“We have banksias from tropical north Queensland growing next to a rare one from the local Sterling Mountains and a desert one from Kalgoorlie next to one from Tasmania, all growing side-by-side.
“We have 55 flowering in autumn, 40 in winter, 35 in spring and 20 in summer and they overlap.”
(On the left) Kathy and Kevin Collins.
The Banksia Farm
Back in 2007, much to the surprise of Kevin and Kathy they were listed by Australian Travel Magazine as one of the top 100 “unknown and undervalued tourism destinations” in Australia.
Kathy and Kevin had first started welcoming people onto their property to see the banksias back in the early 1990s.
“Once we got notoriety from having the world’s only complete arboretum of banksia species, people then wanted to come and see them. We were reluctant at first, but after we could assure the safety of the banksias we went with it.”
Soon enough, the couple’s property was listed as a stop along the east to west coast wildflower tours. And they upped their game.
“We started labelling the species and we created maps. We learnt about aboriginal history and the fossils, which made up a kind of introductory talk that eventually developed into a tour. We made it more of a professional business.”
But once Kathy and Kevin turned 70 last year, they closed the garden to general public visitation. House guests and study group members can still access tours by appointment.
A banksia cluster.
A vital scientific resource
Despite that the property is no longer accepting large groups of tourists, Kathy and Kevin, who are leaders of the Australian Banksia Study Group, say that their arboretum is always open for science.
Kevin and Kathy feature in countless journal articles and books on banksias for allowing people to use their farm for research. Kevin was even the subject of an ethnographic study that examined whether “plant-based objects and living plants deepen human memory.”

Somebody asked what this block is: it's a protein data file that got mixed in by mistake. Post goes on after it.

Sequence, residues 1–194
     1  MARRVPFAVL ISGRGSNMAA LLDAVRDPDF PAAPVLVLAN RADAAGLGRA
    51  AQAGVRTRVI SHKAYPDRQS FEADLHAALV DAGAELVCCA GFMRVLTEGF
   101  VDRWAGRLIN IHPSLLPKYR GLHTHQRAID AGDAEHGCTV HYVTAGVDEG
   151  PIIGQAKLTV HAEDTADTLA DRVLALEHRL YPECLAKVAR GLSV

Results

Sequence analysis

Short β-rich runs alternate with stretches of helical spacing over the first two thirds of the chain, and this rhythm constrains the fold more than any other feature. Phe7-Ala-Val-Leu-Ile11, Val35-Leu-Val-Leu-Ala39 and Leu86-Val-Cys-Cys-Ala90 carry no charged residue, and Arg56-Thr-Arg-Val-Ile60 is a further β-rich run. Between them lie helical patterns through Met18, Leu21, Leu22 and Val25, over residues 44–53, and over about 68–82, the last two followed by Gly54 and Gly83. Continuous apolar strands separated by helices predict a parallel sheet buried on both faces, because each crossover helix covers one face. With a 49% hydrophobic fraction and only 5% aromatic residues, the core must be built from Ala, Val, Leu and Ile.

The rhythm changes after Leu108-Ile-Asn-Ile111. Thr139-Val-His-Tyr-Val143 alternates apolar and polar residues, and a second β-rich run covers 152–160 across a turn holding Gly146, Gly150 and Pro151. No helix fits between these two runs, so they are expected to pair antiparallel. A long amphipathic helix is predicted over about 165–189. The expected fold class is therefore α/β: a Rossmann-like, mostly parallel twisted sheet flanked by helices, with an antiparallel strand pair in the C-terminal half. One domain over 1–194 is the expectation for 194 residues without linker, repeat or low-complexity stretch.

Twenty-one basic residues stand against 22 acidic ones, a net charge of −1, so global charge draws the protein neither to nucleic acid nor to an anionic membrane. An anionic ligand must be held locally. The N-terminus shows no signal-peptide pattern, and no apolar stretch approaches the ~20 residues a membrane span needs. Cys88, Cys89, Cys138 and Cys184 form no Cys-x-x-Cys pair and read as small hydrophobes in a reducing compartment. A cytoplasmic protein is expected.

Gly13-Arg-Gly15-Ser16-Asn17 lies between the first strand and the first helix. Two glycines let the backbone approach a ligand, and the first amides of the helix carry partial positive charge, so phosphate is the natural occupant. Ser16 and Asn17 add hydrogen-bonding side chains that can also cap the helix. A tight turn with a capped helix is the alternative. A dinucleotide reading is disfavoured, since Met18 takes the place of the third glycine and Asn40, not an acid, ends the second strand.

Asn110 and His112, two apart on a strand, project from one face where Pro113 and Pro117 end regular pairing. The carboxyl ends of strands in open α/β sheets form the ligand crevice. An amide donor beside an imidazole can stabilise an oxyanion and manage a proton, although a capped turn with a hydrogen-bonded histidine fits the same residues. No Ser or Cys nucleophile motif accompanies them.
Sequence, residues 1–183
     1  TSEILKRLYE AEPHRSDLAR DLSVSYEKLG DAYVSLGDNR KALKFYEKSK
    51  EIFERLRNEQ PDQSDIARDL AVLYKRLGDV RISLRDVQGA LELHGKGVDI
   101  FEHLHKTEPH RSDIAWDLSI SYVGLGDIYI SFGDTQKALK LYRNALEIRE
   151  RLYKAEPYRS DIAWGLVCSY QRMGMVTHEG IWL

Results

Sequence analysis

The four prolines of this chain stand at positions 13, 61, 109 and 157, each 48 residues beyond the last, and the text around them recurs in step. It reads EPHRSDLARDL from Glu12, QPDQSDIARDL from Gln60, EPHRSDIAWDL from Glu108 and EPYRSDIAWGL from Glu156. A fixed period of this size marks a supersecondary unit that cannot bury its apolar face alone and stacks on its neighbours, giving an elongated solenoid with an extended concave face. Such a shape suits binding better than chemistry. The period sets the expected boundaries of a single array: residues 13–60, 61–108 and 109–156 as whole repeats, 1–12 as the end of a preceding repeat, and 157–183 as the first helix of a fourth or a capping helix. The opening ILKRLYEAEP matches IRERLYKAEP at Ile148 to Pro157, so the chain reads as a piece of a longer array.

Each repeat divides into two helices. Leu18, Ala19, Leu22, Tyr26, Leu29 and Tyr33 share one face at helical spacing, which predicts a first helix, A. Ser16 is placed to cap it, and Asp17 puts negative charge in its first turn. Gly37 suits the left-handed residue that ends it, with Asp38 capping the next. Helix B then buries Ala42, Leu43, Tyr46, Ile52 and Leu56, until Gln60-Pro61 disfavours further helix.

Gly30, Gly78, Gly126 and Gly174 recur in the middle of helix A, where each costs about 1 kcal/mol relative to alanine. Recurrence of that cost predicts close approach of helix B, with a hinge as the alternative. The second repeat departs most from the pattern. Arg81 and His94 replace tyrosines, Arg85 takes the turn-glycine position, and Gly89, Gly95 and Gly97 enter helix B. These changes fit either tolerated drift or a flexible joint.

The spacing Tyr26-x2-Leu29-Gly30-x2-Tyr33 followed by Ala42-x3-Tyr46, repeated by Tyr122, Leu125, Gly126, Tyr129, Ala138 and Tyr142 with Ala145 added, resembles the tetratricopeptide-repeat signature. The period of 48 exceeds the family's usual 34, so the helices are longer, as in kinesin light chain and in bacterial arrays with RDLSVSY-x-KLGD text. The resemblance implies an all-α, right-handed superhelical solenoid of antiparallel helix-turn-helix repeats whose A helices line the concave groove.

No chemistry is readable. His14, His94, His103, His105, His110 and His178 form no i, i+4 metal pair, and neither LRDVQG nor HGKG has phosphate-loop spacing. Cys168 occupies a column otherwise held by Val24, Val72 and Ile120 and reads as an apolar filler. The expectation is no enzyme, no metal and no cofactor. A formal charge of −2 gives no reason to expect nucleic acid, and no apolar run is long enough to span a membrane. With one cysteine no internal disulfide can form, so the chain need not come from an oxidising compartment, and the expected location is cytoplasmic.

Recently, the couple have been asked to co-author a major reference book on banksias, as the current reference book is out of print and new species have been discovered.
Only just last year a new species of banksia was discovered an hour and half from Sydney. Luckily, Kevin had already been growing it for years without realising that it was a separate species, so the couple’s arboretum remains complete.
Over the years the Mount Barker Banksia Farm has been utilised for all different kinds of scientific studies.
“They’re one of the highest utilised plants for research in the whole of Australia because of their different root systems, their stature, fossil records andscientists use them to understand climate, DNA and disease.
“We’ve currently got some students from Potsdam in Germany looking at the wood fibre follicles and how they open with certain temperatures.”
Kathy and Kevin are pleasantly surprised about how far their business has come.
“When we first started people thought making a business out of these flowers was a laughable matter but it’s led to all sorts of different ventures.”